non-spammers can write to chasm at mac (dot com)
    Charles Guest

  12. #12

    Default Re: Switcher question

    > > How about the one that comes with Roxio EZ CD Creator? 

    Toast 6 does come with a backup scheduler, and much more.

    http://www.roxio.com/toast

    Does a whole lot more than the built-in stuff in the Mac OS.

    There's a $20 upgrade rebate card in the box that says it's valid for
    all previous Toast customers, Jam customers and Easy CD Creator
    customers. So if you're a switcher (first of all... congratulations
    for making the right move) you can use your PC software as proof to
    get the upgrade rebate.
    fingerman Guest

  13. #13

    Default Re: Switcher question

    In article <tampabay.rr.com>,
    Charles Martin <org> wrote:
     
    >
    > It needs something OTHER than Norton to run well. I can no longer
    > recommend Norton for Macs.
    >[/ref]
    What is everyones problem with Norton latley? System Works 3 (NUM 8)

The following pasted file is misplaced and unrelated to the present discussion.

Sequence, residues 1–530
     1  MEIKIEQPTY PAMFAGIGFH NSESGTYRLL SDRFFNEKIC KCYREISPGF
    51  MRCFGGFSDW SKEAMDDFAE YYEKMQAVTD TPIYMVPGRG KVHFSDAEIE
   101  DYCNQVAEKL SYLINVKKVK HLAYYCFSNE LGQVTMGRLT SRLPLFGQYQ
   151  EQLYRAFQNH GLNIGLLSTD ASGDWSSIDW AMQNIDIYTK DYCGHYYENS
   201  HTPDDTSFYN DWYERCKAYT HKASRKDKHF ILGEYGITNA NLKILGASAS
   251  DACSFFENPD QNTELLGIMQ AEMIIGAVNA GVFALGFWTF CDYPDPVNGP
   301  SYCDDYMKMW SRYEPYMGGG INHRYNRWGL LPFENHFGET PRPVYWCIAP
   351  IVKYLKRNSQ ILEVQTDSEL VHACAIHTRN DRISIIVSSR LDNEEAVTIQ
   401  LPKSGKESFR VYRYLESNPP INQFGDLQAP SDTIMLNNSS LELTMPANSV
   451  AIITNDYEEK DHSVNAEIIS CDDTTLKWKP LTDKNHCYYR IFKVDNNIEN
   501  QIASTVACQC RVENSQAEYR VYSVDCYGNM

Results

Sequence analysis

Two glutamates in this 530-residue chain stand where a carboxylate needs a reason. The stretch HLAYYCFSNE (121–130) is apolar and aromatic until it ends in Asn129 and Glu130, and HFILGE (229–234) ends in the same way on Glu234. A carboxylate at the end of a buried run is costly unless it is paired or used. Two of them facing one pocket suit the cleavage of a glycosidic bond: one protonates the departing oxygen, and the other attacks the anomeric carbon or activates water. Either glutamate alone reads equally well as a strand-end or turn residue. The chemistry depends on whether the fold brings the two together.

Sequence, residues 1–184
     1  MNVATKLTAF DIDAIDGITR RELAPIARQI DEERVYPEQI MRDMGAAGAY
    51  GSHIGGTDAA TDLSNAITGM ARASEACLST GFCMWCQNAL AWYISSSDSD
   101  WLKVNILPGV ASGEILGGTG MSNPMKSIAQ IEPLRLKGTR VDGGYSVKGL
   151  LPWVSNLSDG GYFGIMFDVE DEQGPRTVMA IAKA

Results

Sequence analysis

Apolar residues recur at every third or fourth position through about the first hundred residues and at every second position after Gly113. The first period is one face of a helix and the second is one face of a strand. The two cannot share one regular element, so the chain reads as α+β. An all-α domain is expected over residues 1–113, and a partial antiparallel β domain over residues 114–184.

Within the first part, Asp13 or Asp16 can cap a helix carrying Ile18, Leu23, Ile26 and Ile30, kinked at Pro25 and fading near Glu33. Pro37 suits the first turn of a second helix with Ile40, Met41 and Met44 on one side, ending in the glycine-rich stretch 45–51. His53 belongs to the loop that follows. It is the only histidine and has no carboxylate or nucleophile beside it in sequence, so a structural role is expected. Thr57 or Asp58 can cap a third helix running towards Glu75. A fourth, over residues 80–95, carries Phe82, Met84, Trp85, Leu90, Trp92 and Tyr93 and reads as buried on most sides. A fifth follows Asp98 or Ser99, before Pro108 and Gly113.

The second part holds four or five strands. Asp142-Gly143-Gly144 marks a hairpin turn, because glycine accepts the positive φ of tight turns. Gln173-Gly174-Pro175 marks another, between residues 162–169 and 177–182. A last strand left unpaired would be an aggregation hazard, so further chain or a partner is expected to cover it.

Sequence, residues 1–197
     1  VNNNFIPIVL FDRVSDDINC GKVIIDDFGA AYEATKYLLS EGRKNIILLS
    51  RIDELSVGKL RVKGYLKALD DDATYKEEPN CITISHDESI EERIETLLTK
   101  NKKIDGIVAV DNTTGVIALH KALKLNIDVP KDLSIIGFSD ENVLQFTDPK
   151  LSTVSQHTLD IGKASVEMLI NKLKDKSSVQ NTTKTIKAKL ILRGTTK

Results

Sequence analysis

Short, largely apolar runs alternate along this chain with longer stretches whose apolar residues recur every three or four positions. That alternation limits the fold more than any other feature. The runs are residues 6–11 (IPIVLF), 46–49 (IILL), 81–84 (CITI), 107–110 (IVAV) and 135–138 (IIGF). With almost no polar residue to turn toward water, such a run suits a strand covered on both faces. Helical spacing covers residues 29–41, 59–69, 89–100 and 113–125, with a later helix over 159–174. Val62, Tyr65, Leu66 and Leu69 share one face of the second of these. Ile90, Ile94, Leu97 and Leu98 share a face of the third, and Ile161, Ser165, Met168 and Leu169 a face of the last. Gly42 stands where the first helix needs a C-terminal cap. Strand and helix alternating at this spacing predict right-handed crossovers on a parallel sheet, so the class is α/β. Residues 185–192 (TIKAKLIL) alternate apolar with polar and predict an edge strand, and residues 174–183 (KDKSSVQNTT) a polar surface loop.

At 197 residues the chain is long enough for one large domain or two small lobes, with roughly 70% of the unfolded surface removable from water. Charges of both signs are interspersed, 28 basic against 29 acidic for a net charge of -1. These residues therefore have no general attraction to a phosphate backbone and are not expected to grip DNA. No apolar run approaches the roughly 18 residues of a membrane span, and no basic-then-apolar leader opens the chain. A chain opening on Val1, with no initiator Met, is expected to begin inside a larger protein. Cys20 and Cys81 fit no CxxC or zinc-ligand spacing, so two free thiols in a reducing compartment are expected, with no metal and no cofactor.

works just fine on on my G4/400 with 10.2.6. What gives Charles?
    Slartibartfast Guest

  14. #14

    Default Re: Switcher question

    net (Todd Baggarly) wrote in message news:<google.com>... 

    Not really. The only thing you should have to do is let it stay
    on overnight once a week or so. There are some cleanup cron jobs
    that run around 4 AM.
    Eric Guest

  15. #15

    Default Re: Switcher question

    In article <google.com>,
    org (Eric Pepke) wrote:
     
    >
    > Not really. The only thing you should have to do is let it stay
    > on overnight once a week or so. There are some cleanup cron jobs
    > that run around 4 AM.[/ref]

    And it is too hard to edit crontab to change that because ...?

    --
    Enough <com>
    Enough Guest

  16. #16

    Default Re: Switcher question

    In article <tampabay.rr.com>,
    Charles Martin <org> wrote:
     

    Once again...

    DiskWarrior and TechTool Pro are NOT equivalent programs. It's not, or
    shouldn't be, an either or choice. DiskWarrior does one thing, and does
    it VERY well indeed, that is to sort out your hard disk directory(s) and
    return them to you in pristine condition. It is able to recover from
    some very serious problems, which to my knowledge no other utility can
    equal. It doesn't touch the rest of your hard disk.

    TechTool Pro can reorganise your directory(s) also, but if there are
    really serious problems with it/them, I don't believe it can fix them,
    at least not the versions up to 4, which has not yet been released.
    (However I prefer the way TTPro reports what it has done to the